Future Shuhei Otani is getting all the attention of Major League Baseball

SEATTLE – The first half of Major League Baseball’s dreams has been blessed.

Many surprising teams make playoff runs (who was the Marlins nine games away from the Mets?)

Attendance increased by 8 percent (yes, higher!)

Match times have been trimmed down by 26 minutes, which is great for those of you who are even on deadline.

Perhaps topping off all of this positive news is the superstar performance of two-way star Shuhei Otani, who achieved his first-ever MVP win with what may be the greatest single season ever played; As a hitter, he leads the majors in slugging percentage (. 663) and OPS (1,050), and as a pitcher he leads in opposition batting average (. 189).

The All-Star Game should, by all rights, be a celebration of Okhtani’s outstanding play and great play.

Unfortunately, the way injuries and losses stack up for the Ohtani Angels, commercial speculation about the game’s MVP may cloud some of the celebration.

On Friday, The Post reported that People’s Angels are starting to distance themselves from their no-sell stance and are telling people they’ll assess the situation in the next “two to three weeks,” which means Ohtani’s trade could at least become a consideration.

And that was before they went on a nine-game losing streak in the first half of Saturday’s final and fell below . 500 for the first time since April.

Logic says Ohtani should go, but trading arguably the greatest player of all time transcends analytical calculations, and two people who know Angels owner Arte Moreno said Sunday they still believe he’ll eventually carry the trigger.

Moreno understands the historical ramifications.

The obituary of Harry Frazee, the Red Sox owner who sold Babe Ruth to the Yankees, certainly began with his most memorable deal: selling Ruth to the rival Yankees for $120,000, triggering the “Bambino Curse.”

The good news for Moreno is that nothing he can do — even trade the best all-around player since Ruth at least — can curse the Angels, since they’re clearly already cursed.

Also, while I’m no economist, the guess here is that it would do better than 120K for a Roth.

Moreno has made clear, publicly and privately, his reservations about Ohtani’s trading.

He told The Post back in February that he was instead hoping he could extend it, and sources say he expressed his distaste for trading with Ohtani when his top brass brought him trade possibilities last July, emphatically and profanely.

Logic goes that last year was the perfect time to trade Ohtani, when the Angels were clearly out of it and could have offered the acquisition team two pennant runs with the uber-talent it has ever been.

But here’s more good news for Halos: Ohtani’s value, even as rent, will still be enormous.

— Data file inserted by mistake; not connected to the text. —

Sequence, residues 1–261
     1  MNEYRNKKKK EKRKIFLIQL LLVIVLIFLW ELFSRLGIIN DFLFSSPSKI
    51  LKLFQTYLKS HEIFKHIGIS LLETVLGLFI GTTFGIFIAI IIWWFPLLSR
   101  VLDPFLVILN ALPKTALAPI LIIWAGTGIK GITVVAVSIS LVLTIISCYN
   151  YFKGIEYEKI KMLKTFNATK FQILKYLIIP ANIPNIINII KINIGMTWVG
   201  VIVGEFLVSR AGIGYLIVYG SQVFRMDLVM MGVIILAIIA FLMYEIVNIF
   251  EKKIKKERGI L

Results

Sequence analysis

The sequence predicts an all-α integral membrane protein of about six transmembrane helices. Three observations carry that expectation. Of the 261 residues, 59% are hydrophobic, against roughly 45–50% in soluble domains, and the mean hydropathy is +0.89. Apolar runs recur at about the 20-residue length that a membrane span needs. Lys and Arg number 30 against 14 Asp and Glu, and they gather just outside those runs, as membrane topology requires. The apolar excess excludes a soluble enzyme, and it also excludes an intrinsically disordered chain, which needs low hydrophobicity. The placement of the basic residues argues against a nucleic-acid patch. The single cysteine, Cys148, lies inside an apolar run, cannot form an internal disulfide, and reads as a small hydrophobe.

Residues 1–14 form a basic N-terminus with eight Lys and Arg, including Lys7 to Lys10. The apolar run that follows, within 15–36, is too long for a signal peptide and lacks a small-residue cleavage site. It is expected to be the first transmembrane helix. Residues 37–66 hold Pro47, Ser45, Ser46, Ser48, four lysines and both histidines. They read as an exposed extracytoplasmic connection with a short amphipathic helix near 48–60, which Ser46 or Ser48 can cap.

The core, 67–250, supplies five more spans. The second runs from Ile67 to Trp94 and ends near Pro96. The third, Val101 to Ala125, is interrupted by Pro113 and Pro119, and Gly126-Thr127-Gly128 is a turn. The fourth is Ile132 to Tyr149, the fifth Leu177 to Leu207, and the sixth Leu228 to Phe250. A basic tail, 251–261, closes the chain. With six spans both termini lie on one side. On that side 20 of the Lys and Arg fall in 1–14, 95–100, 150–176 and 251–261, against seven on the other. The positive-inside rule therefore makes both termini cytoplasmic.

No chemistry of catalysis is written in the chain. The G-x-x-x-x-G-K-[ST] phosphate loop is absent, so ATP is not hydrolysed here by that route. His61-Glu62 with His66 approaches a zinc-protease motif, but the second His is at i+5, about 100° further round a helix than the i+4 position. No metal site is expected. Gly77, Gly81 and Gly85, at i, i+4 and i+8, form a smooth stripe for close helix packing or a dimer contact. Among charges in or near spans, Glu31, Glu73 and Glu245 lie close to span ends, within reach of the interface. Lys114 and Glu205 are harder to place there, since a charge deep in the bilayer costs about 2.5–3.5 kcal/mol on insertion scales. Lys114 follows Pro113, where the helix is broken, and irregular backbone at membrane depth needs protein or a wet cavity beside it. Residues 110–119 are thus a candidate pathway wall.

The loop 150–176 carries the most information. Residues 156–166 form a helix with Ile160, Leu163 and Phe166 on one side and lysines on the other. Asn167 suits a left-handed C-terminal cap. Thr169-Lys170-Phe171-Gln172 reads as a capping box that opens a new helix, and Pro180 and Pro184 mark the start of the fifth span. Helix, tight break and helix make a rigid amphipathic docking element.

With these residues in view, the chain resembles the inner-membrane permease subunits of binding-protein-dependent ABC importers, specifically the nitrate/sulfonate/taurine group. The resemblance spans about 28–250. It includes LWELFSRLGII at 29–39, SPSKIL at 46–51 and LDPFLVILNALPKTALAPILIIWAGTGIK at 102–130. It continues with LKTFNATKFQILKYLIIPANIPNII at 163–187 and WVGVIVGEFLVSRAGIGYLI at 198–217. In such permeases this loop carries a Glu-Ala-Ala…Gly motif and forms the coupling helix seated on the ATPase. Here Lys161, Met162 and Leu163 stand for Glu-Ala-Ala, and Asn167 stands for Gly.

He’s better this year, and if he stays in the AL he has a chance to break the single-season home run record of 62, set last year by Aaron Judge.

(Even if Otani were traded to a National League team, it’s hard to see him not win the AL MVP award. The question is whether he’ll have time to win both awards—though realistically, Ronald Acuna Jr. has given himself a good head start in the NL.)

Ohtani’s value goes beyond numbers.

The excitement it will bring is enormous.

Better yet, any acquired team will have a head start in trying to convince Ohtani to stay for the long haul.

(While the Angels treated him right, allowing him to do whatever he wanted, their inability to reach the playoffs all six years likely judged their chances whether they traded him or not.)

In this year full of surprises, almost anyone could be a candidate to take over Ohtani in the trade because he only makes $30 million, which is just a fraction of his real value.

But for our purposes, we’ll stick to teams that have a realistic hope of keeping him, as the two-month courtship period holds tremendous value.

Dodgers: Frazee compounded his mistake by trading Routh to the main competitor. Would Moreno agree to trade him 45 miles up I-5 to the mighty Dodgers? But they certainly have prospects, money and ambition.

Yankees: They were one of the most aggressively pursuing Ohtani last summer and have prospects that the Angels loved. It could also use a little insult.

Mets: GM Billy Eppler was the one who signed Otani for the Angels. But the Ohtani acquisition would cost them double because they’re already in Steve Cohen’s tax territory. Their big plan was to build for the long haul and their playoff chances look fairly long.

Giants: They certainly have aspirations of signing Ohtani long-term after failing to land a big fish last winter.

sailors: They were aggressive pursuers of Otani last time around and have potential capital.

Padres: They’re in the middle of everything, but their potential ranks have slipped since the Juan Soto deal.

Notice: A Clear World Series competitor can move to the favourite.

The speculation starts now.

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